Every Christmas Eve as suspended candlelight flickers through lantern glass in my television from the Church of the Nativity in Bethlehem, I long to be there. As Holy Fire ignites from darkness, and expands wildly through the sharing of the faithful, in Jerusalem's Church of the Holy Sepulchre each Pascha, my heart is in another land. We Christians are all drawn powerfully, even perhaps, against our better judgment, to Jerusalem. Yet this seat of the birth of three great world religions is a place of both birth and strife.
The mountain that my family and I live on is considered the center of the world by the Chumash -- the point where everything is in balance. It has been their holy place for centuries. We live here with respect for that heritage and belief. We tread lightly here, in deference to their belief, and in honor of the mountain that they hold sacred. Yet, our Holy Land is in another place, and -- in many ways -- is truly the center of the world. It is easy to forget this, living in American comfort and relative safety. All of those prophecies and spiritual events connected with Jerusalem studiously tucked away at the back of ones mind. They can surely be unpacked and confronted at a later time, can't they? Yet, as I came upon Dateline Jerusalem: An Eyewitness Account of Prophecies Unfolding in the Middle East as a publisher's book review offering, I knew that one must sweep out ones corners and face the reality of sacred history's unfolding.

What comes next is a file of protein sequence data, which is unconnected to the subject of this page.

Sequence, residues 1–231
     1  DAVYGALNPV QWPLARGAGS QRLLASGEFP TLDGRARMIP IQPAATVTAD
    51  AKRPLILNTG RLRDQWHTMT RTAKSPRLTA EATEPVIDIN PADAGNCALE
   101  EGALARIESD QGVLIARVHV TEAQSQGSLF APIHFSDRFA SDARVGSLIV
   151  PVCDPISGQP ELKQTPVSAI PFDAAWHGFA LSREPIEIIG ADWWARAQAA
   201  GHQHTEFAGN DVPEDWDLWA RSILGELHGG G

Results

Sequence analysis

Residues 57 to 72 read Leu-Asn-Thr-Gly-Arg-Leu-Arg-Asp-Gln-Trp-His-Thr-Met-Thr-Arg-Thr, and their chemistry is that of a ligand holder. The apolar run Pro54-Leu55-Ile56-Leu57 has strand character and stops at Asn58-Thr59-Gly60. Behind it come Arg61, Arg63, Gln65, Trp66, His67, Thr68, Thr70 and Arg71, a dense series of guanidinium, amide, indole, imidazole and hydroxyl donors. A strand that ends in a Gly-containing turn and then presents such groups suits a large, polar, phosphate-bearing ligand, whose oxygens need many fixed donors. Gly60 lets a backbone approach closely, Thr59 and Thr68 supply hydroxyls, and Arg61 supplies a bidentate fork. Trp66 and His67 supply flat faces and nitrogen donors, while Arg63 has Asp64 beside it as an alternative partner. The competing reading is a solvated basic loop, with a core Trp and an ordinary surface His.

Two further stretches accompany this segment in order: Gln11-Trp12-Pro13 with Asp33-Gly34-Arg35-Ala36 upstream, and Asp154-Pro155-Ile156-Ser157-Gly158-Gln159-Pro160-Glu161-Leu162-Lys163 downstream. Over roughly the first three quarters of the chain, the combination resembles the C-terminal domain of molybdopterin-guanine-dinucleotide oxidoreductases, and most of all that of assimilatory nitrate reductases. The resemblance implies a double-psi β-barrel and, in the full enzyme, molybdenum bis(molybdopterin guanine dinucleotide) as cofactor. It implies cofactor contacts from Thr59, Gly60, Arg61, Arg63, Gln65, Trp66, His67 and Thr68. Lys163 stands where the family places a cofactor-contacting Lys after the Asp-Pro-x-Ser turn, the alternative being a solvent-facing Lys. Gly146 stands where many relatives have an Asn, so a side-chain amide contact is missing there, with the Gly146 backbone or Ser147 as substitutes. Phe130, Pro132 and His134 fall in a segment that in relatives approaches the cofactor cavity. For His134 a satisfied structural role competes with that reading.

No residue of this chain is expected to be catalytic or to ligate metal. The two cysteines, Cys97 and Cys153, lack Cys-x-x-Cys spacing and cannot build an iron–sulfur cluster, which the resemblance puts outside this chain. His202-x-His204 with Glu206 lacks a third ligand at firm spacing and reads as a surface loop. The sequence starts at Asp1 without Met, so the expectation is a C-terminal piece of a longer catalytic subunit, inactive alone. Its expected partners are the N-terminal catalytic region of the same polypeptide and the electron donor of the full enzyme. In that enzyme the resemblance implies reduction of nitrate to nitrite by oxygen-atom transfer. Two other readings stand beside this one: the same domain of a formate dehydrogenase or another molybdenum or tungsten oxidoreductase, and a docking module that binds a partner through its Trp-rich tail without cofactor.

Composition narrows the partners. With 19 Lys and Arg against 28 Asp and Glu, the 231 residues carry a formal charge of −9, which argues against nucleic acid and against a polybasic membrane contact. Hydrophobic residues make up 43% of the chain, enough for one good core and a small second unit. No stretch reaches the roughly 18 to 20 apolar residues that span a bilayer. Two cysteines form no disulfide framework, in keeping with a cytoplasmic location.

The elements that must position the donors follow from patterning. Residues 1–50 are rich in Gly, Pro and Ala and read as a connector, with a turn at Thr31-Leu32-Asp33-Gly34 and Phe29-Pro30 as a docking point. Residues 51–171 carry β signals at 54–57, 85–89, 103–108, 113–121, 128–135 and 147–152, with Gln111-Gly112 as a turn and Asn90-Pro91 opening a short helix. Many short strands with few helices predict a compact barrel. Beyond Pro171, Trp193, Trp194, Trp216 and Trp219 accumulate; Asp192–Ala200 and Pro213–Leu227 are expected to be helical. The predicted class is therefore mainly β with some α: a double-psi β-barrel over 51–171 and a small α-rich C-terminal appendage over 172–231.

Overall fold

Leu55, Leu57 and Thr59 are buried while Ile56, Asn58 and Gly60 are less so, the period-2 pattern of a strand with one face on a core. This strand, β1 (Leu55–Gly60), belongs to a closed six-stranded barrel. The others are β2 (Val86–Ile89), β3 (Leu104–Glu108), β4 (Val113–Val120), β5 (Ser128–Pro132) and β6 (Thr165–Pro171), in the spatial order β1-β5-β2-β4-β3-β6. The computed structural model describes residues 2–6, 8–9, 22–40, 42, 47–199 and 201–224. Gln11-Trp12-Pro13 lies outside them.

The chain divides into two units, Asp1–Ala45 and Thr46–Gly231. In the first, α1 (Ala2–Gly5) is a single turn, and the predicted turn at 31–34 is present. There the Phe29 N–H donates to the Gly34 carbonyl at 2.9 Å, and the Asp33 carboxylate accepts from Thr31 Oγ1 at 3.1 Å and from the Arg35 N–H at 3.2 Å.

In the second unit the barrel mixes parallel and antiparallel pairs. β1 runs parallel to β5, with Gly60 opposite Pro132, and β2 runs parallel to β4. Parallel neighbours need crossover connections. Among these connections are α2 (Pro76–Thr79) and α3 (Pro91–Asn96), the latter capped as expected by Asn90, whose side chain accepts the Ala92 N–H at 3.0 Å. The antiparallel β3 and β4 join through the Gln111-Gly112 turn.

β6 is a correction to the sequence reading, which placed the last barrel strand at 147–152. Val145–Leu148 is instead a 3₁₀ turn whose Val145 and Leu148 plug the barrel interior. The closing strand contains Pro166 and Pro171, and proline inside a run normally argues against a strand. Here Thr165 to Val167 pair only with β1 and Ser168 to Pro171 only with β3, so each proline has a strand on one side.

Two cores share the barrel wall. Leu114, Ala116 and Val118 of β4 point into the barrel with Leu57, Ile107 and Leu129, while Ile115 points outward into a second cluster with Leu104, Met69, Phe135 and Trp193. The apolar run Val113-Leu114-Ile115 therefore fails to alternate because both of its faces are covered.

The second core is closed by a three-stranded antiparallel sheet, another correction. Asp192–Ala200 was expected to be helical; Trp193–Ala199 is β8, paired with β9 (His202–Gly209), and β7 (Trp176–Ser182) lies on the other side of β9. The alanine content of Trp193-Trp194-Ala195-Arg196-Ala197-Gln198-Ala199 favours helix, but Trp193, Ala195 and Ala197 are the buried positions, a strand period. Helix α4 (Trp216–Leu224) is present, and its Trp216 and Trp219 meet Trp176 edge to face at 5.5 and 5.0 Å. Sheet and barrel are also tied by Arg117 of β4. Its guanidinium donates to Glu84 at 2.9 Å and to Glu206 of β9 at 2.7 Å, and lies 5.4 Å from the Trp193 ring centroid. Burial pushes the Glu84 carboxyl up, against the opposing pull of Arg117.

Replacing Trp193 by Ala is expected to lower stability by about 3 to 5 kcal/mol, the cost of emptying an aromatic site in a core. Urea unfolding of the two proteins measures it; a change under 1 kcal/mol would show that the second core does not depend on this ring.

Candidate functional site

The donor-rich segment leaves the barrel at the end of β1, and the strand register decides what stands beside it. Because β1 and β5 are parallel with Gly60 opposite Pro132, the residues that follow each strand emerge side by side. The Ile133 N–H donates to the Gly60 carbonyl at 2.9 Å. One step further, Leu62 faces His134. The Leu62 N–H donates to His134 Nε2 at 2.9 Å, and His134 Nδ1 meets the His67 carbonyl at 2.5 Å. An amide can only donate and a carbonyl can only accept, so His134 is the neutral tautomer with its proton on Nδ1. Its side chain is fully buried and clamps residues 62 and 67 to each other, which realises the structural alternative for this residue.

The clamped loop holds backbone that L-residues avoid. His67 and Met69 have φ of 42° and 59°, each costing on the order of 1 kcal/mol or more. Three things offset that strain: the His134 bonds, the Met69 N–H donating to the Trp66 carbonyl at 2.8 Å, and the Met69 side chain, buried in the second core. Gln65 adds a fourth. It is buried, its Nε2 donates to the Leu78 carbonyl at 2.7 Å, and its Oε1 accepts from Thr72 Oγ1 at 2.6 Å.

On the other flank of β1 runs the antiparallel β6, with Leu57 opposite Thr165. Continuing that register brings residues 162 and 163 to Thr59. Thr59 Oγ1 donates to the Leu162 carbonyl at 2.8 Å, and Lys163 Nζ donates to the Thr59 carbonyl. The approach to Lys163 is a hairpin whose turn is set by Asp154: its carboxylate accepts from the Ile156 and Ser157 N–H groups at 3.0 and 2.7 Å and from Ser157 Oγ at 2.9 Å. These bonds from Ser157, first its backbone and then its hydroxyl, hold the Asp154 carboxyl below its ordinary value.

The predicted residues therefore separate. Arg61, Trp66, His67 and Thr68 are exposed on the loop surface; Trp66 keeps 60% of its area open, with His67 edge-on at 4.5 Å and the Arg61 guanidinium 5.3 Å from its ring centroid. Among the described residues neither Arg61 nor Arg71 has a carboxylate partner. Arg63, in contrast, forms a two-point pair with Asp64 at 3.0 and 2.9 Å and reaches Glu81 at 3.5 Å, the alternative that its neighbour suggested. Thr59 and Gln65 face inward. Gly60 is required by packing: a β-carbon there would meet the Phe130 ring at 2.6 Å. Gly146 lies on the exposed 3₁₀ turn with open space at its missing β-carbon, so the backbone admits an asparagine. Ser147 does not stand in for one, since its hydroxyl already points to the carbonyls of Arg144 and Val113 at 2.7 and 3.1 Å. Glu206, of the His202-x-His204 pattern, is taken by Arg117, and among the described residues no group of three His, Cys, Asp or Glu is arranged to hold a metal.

I was not disappointed. Chris Mitchell, bureau chief for Christian Broadcasting Network, draws upon his years of firsthand experiences and reporting in Jerusalem to deliver an explanation of the events sweeping across the Holy Land and impacting the world in our day. His insights are both personal and well informed. I found the story gripping and exciting -- something that I was not anticipating. I also found myself alarmed at the reality and depth of the conflict between Israel and the extremist Muslim world. Mitchell's elucidation of the connection of current events to Biblical prophecy is immensely informative.
I'm glad I read this book. I recommend it to anyone who is interested in understanding events in the Middle East. Even more, as a result of having read this book, I have a greater understanding that, as Christians, we are the Middle East in many ways. Our home is there; much like Mt. Pinos to the Chumash, it is the center of our world. As Mitchell admonishes, we can pray -- for peace, for God's will, for the unfolding of the Kingdom-- calling upon God facing East, with our hearts toward Jerusalem.